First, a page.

The USPS, UPS, FedEx, and DHL Text Message Phishing Scam Explained

If you receive a text or email stating that a package was not deliverable and the carrier needs to update your address, beware, it’s a phishing scam!

There are many versions of this scam, sometimes they may make it appear you have to pay import duties, but the process is about the same.

Especially during the holiday season, it seems the phishing scam messages are even more prevalent as many recipients may incorrectly believe they are receiving a package from a family member or friend that had their address wrong.

To show you how this phishing scam works, here are screenshots from a text message I received this month. I followed through with the provided link (on a secure non-trackable browser on a VPN) and stopped right before the scammers wanted my credit card information.

The Text Message Phishing Scam

I am using an example of a text message as they are more common now with most email filters sending these types of phishing messages automatically to the junk or spam folder.

Note: I am using red blocks in these screenshots to hide some personal identifiable information that could be potentially a real but innocent person’s contact details.

In this first screenshot, you can easily see the first problem with the text message. Scammers usually try to disguise the carrier name slightly to avoid being detected as a possible phishing scam. In this case, they used US/PS to make it look like this could be from the US Postal Service (USPS).

I have received similar texts like this one from scammers pretending to be from UPS, FedEx, and DHL. So, this phishing scam is not exclusive to USPS and could also come from other delivery or ecommerce companies.

Secondly, you can see the link in this text does not link to the USPS website ( Instead looks similar to a link shortened by a link shortener.

You may have seen links that began with,,,,, or, all of which are legitimate link-shortening services. But. whether the link is from a legitimate link shortener service or from a fake-looking one (as here), either way, it’s still a scam.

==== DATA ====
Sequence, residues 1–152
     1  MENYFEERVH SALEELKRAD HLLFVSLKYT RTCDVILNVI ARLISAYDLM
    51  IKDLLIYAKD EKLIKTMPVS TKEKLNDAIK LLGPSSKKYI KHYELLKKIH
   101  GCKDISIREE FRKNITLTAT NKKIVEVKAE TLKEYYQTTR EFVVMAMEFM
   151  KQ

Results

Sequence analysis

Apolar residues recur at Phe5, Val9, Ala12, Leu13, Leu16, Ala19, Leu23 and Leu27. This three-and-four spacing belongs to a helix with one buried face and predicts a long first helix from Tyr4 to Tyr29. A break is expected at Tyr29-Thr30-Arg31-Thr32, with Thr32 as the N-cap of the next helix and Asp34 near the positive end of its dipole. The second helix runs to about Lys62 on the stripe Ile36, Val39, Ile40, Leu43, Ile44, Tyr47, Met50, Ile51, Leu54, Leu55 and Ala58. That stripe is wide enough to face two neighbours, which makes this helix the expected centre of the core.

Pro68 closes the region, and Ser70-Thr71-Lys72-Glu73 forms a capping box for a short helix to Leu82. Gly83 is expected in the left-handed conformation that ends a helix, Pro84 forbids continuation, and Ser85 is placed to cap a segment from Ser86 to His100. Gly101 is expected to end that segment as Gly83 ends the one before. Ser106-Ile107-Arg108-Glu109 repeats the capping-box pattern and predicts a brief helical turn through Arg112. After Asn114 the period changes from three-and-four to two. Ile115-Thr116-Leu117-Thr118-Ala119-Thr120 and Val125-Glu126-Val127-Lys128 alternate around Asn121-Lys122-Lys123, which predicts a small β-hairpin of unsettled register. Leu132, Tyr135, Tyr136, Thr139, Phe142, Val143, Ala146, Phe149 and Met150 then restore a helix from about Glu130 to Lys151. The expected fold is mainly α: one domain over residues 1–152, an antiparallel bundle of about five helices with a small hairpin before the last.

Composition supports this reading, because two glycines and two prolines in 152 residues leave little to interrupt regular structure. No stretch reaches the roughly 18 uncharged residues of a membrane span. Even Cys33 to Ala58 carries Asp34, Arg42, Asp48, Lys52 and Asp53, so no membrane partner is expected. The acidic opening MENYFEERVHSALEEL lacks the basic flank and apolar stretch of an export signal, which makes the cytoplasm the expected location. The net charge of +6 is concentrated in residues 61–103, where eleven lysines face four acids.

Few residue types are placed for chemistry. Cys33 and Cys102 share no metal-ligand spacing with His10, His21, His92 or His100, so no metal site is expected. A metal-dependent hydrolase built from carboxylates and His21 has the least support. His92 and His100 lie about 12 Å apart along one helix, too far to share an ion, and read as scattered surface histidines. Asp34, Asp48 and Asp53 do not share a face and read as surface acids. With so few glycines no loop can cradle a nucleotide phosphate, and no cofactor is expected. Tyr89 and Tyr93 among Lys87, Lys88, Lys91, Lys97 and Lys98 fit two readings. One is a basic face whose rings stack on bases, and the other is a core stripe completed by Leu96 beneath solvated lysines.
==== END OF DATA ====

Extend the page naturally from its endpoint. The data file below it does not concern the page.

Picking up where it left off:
Text Scam, Message Screen

The Landing Page

Look real, right? But it’s a phishing site. Some browsers may even mark this as a phishing site, but these scammers change URLs so often, that it’s hard for browser companies to keep up.

The page shows a tracking number (which apparently has been used frequently for this phishing scam as googling it finds references to the scam) and in big red letters, a request for action to provide your shipping address.

Text Scam, Landing Page of Fake USPS Site

The next screenshot shows more of the same phishing page from above. Here you can see how the scammers are trying to get all your personal information. Obviously, I provided fake info here.

I should also note that none of the links or text/buttons looking like links (except for the Continue button) are actually functional. They are just text.

Text Scam, Verify Address Page of Fake USPS Site

The Payments Screen

Here we come to the payment screen where the scammers want you to enter your credit card information, which includes the expiration date and security code so that they can charge you $3.00 for the redelivery fee.

The US Postal Service has no such fee (yet…), but some other carriers may have redelivery fees after making multiple delivery attempts.

Text Scam, Credit Card Phishing Page of Fake USPS Site

The Payment Success Screen

I provided the scammers with a test credit card number, which passes basic validation tests to ensure the credit card number is a correct series of numbers before being passed on to the payment processor.

In this case, I did first try a random set of 16 numbers, which failed validation, indicating this phishing page was running the numbers through this pre-test to ensure the credit card was “valid.”

However, I doubt the scammers actually ran this “charge” through a payments processor as the purpose of this phishing scam is not to collect the lousy $3 but sell the credit card number on the dark web for much more. One security site I found claims credit card data in 2022 was worth anywhere from $17-$120 on the dark web.

Here are the next two screenshots showing first a common “processing” waiting graphic while the payment is processed, followed by the “success page,” indicating the address has been updated.

Text Scam, Processing Page of Fake USPS Site
Text Scam, Success Page of Fake USPS Site

Now clicking the Continue button will send you the real USPS home page, making the entire process look and feel legitimate.

What The Scammers Got

Again, the key point here is that the scammers have now a lot of information you provided. They have:

  • Your name
  • Your address (billing address)
  • Your email address
  • Your phone number
  • Your credit card number
  • Your credit card expiration date